The seed of what was to become the Simcoe County Remembers database was planted in 2007, during a meeting of the Board of Directors of the Simcoe County Historical Association. Simcoe County's Assistant Archivist, Ellen Millar, was asked if there were a Simcoe County First World War Memorial. She replied that she did not know of one, but would do some investigating. The follow-up research revealed three things:
- A Memorial was created for all residents of Simcoe County who had died during the Second World War
- While First World War Memorials for local residents had been erected in communities across Simcoe County, no single memorial was ever dedicated to all county residents
- The Simcoe County Archives' holdings contain a considerable amount of information about those who had died in the 1914-1918 War
976-26 Memorial and Arena Gardens, Midland, ca. 1930 Copyright: Public Domain
Using the Archives' records, Ellen began to make a list of Simcoe County's War Dead, slowly gathering a few details from one source, and some more from another, as she carried out her regular duties at the Archives. Other members of the Archives' staff brought to her attention relevant records which they had also discovered during their work with the collections.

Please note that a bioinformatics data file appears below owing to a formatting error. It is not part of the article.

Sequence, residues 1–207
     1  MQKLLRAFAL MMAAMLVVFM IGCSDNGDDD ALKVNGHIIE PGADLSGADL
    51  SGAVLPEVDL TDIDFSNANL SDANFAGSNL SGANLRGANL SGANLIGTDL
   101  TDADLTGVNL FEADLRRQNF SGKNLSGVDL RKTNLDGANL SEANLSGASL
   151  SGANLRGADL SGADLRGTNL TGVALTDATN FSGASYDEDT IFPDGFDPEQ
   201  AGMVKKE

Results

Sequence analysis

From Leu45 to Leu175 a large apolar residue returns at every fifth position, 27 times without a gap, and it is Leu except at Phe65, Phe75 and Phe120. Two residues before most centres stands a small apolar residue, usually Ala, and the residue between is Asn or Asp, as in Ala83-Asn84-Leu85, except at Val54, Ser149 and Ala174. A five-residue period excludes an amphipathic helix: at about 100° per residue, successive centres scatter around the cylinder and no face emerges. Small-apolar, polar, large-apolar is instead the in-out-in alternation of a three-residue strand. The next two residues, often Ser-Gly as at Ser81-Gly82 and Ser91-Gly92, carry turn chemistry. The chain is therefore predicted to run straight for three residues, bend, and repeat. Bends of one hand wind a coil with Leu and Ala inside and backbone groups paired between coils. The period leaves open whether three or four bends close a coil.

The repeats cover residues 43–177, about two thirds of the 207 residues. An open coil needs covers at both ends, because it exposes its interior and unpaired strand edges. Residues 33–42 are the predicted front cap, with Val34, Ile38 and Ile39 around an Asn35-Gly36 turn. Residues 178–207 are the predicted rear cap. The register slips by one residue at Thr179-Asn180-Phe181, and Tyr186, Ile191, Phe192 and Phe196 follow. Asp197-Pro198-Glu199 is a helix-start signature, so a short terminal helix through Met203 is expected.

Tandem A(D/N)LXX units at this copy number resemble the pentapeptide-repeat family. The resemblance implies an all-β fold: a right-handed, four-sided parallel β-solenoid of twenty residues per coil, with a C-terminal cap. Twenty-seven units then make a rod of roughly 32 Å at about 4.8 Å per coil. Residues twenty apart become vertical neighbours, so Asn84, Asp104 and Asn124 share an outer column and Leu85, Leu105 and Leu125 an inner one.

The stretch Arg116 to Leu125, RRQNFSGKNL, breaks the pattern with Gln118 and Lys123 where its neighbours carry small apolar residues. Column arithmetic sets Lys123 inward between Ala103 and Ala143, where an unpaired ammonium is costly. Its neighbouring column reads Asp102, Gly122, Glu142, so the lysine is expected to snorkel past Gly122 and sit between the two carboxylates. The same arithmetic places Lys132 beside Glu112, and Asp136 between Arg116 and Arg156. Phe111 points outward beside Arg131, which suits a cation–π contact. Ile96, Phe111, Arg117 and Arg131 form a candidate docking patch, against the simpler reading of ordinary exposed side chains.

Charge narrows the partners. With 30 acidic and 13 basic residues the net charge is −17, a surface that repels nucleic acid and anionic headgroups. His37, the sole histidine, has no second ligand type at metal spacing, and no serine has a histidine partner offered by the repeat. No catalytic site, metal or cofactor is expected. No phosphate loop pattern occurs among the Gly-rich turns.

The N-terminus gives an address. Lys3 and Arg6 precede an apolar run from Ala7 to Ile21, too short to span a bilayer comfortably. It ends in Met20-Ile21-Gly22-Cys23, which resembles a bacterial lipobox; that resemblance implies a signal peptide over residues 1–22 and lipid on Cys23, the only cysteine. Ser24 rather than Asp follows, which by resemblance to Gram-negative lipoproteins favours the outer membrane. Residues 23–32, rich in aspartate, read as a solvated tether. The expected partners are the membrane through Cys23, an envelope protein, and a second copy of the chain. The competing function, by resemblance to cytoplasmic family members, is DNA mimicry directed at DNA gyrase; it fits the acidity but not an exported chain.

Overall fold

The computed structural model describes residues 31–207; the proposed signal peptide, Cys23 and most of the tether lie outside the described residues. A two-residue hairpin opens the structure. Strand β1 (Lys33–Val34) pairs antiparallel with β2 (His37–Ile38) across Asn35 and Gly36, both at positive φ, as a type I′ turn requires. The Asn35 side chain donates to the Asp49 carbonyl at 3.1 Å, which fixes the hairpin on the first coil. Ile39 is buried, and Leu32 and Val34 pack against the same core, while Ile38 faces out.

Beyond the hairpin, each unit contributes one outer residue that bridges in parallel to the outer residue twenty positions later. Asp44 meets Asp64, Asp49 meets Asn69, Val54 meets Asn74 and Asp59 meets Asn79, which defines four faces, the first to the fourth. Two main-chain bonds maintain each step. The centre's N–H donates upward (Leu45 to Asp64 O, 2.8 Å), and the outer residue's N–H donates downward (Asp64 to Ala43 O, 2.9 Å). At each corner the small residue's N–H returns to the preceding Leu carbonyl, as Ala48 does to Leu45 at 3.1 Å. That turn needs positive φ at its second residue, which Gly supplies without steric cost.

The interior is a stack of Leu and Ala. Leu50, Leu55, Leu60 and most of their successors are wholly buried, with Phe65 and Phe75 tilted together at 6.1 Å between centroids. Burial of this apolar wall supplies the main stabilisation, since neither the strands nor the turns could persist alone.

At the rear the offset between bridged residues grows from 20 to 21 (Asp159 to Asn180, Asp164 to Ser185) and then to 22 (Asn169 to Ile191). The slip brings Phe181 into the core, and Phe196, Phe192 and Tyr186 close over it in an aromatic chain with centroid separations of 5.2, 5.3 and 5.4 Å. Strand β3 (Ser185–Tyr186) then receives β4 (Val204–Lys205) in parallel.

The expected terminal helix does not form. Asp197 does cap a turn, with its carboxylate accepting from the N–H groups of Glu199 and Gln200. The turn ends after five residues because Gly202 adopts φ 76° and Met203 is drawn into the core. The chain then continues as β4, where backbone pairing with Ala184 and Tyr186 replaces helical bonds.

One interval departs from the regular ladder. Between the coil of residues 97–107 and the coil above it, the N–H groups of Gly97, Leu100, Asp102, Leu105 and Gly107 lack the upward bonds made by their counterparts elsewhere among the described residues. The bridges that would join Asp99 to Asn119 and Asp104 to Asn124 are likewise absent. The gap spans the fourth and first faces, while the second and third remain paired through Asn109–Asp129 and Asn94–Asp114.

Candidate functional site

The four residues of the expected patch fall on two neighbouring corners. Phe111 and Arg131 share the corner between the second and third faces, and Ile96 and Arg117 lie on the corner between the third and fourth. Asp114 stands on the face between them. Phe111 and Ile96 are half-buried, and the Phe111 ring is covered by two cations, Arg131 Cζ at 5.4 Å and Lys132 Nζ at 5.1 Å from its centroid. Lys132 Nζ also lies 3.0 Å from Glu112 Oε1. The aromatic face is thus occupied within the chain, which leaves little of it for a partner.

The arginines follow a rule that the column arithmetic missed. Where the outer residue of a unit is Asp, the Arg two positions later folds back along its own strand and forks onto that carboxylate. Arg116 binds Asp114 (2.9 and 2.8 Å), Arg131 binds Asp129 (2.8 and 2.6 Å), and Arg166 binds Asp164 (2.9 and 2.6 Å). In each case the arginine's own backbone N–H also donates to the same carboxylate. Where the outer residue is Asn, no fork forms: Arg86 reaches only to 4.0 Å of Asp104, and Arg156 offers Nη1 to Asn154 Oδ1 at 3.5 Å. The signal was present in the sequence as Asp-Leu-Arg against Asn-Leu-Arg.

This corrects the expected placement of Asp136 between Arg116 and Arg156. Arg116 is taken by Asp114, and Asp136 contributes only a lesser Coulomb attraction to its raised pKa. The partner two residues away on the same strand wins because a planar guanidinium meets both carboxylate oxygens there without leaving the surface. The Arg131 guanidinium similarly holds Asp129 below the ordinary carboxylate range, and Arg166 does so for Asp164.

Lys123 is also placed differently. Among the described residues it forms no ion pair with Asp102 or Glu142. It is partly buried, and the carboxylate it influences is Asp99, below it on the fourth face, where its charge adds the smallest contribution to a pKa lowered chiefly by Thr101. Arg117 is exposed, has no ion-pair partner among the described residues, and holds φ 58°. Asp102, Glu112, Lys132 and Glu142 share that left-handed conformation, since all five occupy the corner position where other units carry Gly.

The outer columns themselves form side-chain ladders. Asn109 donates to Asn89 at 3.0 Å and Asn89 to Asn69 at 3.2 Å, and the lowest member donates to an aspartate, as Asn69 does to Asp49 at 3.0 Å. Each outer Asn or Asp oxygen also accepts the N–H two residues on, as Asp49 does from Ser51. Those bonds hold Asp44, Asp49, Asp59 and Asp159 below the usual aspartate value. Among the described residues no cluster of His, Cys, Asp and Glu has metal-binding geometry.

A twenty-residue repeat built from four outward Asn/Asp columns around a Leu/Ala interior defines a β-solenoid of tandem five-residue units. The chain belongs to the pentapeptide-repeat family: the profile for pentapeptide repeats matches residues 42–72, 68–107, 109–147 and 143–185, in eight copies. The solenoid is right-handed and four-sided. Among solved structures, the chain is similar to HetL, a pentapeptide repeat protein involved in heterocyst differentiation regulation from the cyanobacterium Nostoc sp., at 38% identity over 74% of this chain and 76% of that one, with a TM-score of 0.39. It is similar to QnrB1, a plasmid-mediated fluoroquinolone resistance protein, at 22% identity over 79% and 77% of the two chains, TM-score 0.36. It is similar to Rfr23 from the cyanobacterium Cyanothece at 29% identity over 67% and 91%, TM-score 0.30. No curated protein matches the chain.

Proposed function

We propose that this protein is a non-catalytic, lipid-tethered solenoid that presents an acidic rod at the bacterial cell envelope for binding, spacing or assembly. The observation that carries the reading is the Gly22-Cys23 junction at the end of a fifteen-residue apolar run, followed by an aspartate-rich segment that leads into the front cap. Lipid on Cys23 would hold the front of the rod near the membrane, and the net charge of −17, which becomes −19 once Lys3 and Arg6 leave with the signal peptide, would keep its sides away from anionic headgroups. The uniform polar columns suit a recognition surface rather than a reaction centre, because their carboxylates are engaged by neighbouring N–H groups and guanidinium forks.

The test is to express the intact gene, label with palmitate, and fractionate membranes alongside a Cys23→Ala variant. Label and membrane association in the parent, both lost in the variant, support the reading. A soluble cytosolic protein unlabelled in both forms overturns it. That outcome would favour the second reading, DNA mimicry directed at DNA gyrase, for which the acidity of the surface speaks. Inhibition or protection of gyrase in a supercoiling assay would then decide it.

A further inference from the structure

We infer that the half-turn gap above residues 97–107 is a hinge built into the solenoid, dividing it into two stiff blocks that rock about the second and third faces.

997-133 Willard Touchette, ca. 1916 Copyright: Public Domain
Colleagues from several of the County's museums, historical and genealogical societies, friends, and family members also assisted, perhaps unknowingly, with the project. The County of Simcoe's IT Department also contributed to making the Simcoe County Remembers database a reality. Thank you to everyone who provided information, support, or expertise.
2009-36 Young solider, believed to be Stanley Penton, ca. 1916 Copyright: Public Domain
While a Simcoe County First World War Roll of Honour has been a long time coming, the Simcoe County Remembers database should not be considered a final and complete memorial to the fallen. The Simcoe County Archives knows that there are names missing which should have been included. There are also strong suppositions that a few entries, such as the one for “J. Smith," will prove to be duplicates. But it seemed appropriate that the names of the war dead of Simcoe County, now numbering 1,006, be moved off a static list and made available to the general public in time for the 100th Anniversary of the Armistice.
And so the Simcoe County Archives has launched Simcoe County Remembers. It is a resource which we consider to be a starting point to help you remember the men and women of Simcoe County who died during or immediately following the First World War. We hope that you find the information it contains both meaningful and useful.
Do you have information about someone who is either included in or missing from the Simcoe County Remembers database? The Simcoe County Archives would like to hear from you! Information about how to donate records to the Simcoe County Archives is available here, or please contact us at 705-726-9331 or email@example.com